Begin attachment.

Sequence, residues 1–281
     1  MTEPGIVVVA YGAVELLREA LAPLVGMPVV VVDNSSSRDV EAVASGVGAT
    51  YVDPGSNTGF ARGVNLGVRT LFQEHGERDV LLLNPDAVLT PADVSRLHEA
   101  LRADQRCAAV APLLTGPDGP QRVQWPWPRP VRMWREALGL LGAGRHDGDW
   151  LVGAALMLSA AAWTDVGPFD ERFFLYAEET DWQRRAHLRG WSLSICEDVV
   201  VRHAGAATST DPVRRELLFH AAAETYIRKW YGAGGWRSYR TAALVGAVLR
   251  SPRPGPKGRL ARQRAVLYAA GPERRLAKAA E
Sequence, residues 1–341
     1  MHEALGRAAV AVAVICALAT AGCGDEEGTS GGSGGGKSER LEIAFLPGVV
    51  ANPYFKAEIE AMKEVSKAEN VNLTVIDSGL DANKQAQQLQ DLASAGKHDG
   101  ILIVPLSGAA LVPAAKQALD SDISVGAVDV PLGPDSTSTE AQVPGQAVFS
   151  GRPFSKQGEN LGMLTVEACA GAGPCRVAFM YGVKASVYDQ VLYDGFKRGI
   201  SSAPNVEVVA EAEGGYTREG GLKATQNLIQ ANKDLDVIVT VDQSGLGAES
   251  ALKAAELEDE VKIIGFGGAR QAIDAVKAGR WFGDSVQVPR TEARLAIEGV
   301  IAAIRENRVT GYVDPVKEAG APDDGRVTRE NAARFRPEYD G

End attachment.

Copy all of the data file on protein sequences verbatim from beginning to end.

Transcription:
Sequence, residues 1–281
     1  MTEPGIVVVA YGAVELLREA LAPLVGMPVV VVDNSSSRDV EAVASGVGAT
    51  YVDPGSNTGF ARGVNLGVRT LFQEHGERDV LLLNPDAVLT PADVSRLHEA
   101  LRADQRCAAV APLLTGPDGP QRVQWPWPRP VRMWREALGL LGAGRHDGDW
   151  LVGAALMLSA AAWTDVGPFD ERFFLYAEET DWQRRAHLRG WSLSICEDVV
   201  VRHAGAATST DPVRRELLFH AAAETYIRKW YGAGGWRSYR TAALVGAVLR
   251  SPRPGPKGRL ARQRAVLYAA GPERRLAKAA E
Sequence, residues 1–341
     1  MHEALGRAAV AVAVICALAT AGCGDEEGTS GGSGGGKSER LEIAFLPGVV
    51  ANPYFKAEIE AMKEVSKAEN VNLTVIDSGL DANKQAQQLQ DLASAGKHDG
   101  ILIVPLSGAA LVPAAKQALD SDISVGAVDV PLGPDSTSTE AQVPGQAVFS
   151  GRPFSKQGEN LGMLTVEACA GAGPCRVAFM YGVKASVYDQ VLYDGFKRGI
   201  SSAPNVEVVA EAEGGYTREG GLKATQNLIQ ANKDLDVIVT VDQSGLGAES
   251  ALKAAELEDE VKIIGFGGAR QAIDAVKAGR WFGDSVQVPR TEARLAIEGV
   301  IAAIRENRVT GYVDPVKEAG APDDGRVTRE NAARFRPEYD G